Donald Trump’s stunning decision to fire FBI Director James Comey have led to rumblings of “impeachment” among Democrats and others as reports suggest the president’s motive for firing Comey was to undermine an FBI probe into Trump’s campaign’s ties with Russia.
Democratic Sen. Richard Blumenthal said Wednesday night that Trump’s decision to fire his FBI director could lead to possible impeachment proceedings in Congress.
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“It may well produce another United States vs. Nixon on a subpoena that went to United States Supreme Court,” Blumenthal told CNN. “It may well produce impeachment proceedings, although we’re very far from that possibility.”
Trump and the White House have defended the decision to fire the FBI Director over Comey’s handling of Hillary Clinton’s emails last year.
“He wasn’t doing a good job. Very simply. He was not doing a good job,” Trump said in brief remarks to reporters in the Oval Office Wednesday. Trump made similar remarks on Twitter, saying Comey had “lost the confidence of almost everyone in Washington … When things calm down, they will be thanking me!”
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But multiple media reports have suggested other reasons.
A separate report from the Associated Press found the Senate intelligence committee had subpoenaed former Trump national security adviser Michael Flynn for documents related to the panel’s investigation into Russia’s election meddling.
And citing a source “close to Comey,” CNN anchor Jake Tapper reported the FBI director was dismissed because he lacked personal loyalty to Trump and because the Russia probe was “accelerating.”
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On Thursday, Trump told NBC that he was planning to fire Comey even before he met with Attorney General Jeff Sessions and Deputy Attorney General Rod Rosenstein, a dramatic departure from his earlier statements.
“He’s a showboat, he’s a grandstander. The FBI has been in turmoil. You know that, I know that, everybody knows that,” Trump told Lester Holt in an interview. “I was going to fire Comey, my decision.”
Trump had said in a letter to Comey he was “accepting” a recommendation from Rosenstein and Sessions.
How exactly does the impeachment process work?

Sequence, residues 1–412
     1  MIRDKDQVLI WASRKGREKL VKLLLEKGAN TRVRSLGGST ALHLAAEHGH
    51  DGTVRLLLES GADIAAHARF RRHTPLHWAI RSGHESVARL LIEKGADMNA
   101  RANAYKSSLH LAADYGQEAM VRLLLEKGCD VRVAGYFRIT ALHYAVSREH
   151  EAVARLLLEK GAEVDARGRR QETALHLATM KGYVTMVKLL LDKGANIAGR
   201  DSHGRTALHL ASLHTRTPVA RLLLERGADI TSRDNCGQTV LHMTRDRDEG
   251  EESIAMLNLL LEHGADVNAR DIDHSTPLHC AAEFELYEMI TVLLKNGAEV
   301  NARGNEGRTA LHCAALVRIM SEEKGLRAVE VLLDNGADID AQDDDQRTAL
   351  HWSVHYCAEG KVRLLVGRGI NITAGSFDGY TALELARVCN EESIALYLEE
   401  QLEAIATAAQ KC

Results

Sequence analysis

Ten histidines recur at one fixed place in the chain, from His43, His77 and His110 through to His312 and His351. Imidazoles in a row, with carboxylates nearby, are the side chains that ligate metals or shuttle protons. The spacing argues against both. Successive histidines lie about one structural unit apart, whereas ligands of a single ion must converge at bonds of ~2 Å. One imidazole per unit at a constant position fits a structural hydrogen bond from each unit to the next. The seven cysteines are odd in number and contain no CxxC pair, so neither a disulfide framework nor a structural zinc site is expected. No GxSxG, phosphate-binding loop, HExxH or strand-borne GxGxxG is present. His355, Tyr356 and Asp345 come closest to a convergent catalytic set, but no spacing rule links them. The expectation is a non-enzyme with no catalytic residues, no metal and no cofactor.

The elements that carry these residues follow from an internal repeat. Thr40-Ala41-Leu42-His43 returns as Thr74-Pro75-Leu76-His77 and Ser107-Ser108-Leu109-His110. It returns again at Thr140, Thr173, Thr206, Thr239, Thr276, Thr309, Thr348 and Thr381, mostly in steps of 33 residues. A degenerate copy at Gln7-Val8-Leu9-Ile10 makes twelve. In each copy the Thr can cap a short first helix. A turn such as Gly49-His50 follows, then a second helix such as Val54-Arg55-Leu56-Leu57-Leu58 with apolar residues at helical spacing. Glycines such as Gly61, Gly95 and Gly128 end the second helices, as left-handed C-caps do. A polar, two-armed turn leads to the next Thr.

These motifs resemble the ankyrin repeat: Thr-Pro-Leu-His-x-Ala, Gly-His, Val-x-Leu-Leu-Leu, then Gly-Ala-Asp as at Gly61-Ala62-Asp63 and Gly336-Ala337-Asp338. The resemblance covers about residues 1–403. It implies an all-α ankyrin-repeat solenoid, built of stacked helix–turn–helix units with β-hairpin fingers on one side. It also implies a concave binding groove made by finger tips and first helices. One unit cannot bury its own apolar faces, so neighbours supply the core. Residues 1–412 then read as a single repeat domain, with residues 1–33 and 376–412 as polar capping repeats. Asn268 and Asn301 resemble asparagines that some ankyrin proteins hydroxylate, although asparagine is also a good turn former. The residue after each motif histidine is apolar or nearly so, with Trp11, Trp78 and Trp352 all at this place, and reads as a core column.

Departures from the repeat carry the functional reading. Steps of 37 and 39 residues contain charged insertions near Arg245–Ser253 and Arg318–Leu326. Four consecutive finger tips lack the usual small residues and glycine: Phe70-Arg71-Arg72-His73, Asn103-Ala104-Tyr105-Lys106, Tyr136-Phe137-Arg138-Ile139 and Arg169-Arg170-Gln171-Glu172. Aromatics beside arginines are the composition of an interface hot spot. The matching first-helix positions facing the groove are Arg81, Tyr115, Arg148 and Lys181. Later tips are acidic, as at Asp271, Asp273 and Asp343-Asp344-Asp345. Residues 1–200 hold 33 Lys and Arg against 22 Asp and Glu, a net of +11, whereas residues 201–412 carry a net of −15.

Barbara Perry, director of presidential studies at the Miller Center at the University of Virginia, says the U.S. Constitution outlines that a president can be impeached for “high crimes and misdemeanors” but it doesn’t describe what those are.
Trump is the first president since Richard Nixon to fire a law enforcement official overseeing an investigation with ties to the White House.
And while he has the legal authority to do so, Perry said if Trump fired an FBI director in order to obstruct an ongoing investigation it could be considered an impeachable offense.
“If [Trump] is shutting down an attempt to investigate his activities or those of his administration and or his campaign it seems to me that would be obstruction of justice,” Perry said.
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Impeachment is political process, not judicial one, says Perry and there is no formal criteria for it.
The process begins in the House of Representative, which can adopt articles of impeachment with a majority vote. It would then proceed to the Senate, which acts as a kind of court to try the impeachment.
Trump would only be removed from office if a majority of members of Congress vote for it, something unlikely given the GOP’s current majority.
She said that in the cases of Richard Nixon and Bill Clinton “it’s not just the act, but it’s the cover-up or the lying” that led to impeachment hearings.
“In Bill Clinton’s case, it wasn’t so much the act of his assignation with Monica Lewinsky, but in the process of investigating that he had lied and committed perjury,” Perry said. Clinton was impeached by the House before being acquitted in the Senate.
Obstruction of justice featured heavily in the articles of impeachment which led to Nixon’s resignation. However, any talk of impeachment is a long ways off. In the case of Nixon more than two years passed between the Watergate break-in and his resignation.
*With files from the Associated Press